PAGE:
How Do Deposits Work?
When making an offer for land, the Letter of Intent contains the price being offered and other proposed essential terms and conditions. And one of these key terms, which will eventually become part of the binding purchase contract, is the amount of good faith deposit from the buyer and the terms associated.
In most land transactions, the buyer will typically offer and negotiate a feasibility period to analyze and vet out all issues. During this period, which typically varies from 30 to 90 days depending on the complexity of the project, the deposits are usually refundable if the buyer decides to back out of the deal. At the end of this feasibility period, the deposit will become non-refundable if the buyer elects to move forward with the transaction.
For a seller, the amount of this deposit is more important with respect to when it becomes non-refundable. As example, let’s say that the purchase price is negotiated and agreed upon by both parties. The deposit can typically be 3 – 5% of the price, which results in a $300,000 to $500,000 deposit. If a buyer is willing to risk that amount of money by permitting the deposit to become non-refundable, the seller will have more comfort that the transaction will close. If for whatever reason the buyer cannot complete the transaction, the seller retains the non-refundable deposit as compensation for the failed deal. During the feasibility period when the deposit is refundable, the amount is possibly not as important to the seller.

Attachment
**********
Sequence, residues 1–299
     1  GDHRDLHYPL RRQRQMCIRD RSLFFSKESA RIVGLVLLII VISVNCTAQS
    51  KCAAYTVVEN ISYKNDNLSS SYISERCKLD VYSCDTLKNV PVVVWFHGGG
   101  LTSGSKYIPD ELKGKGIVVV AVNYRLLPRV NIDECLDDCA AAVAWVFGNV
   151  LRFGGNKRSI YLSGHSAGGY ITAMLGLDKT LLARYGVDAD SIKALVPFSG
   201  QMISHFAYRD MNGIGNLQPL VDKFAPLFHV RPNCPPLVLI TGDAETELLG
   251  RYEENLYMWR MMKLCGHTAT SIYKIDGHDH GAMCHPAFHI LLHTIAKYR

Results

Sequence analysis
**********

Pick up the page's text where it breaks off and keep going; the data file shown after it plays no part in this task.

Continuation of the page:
In many cases, the transaction will close within 15 to 30 days after the feasibility period ends. But on some land deals, the closing may not occur until anywhere from 6 to 36 months. Thus, the amount of non-refundable deposit becomes quite important in such an extended escrow period. The seller is taking the property off the market and the non-refundable deposit is the compensation should the buyer not perform.
Deposits are usually sent to the escrow company but only after the binding purchase contract is signed by both parties. The Letter of Intent contains the basics of the deposit, but the purchase contract has all the details and circumstances relating to how the deposit is handled during the feasibility and escrow period. I have seen some instances where a buyer might offer to send $50,000 at the opening of escrow and then send the $450,000 balance prior to the end of the feasibility period, with the full $500,000 becoming non-refundable if the buyer moves forward. To the seller, the amount that is non-refundable at the end is the most important.
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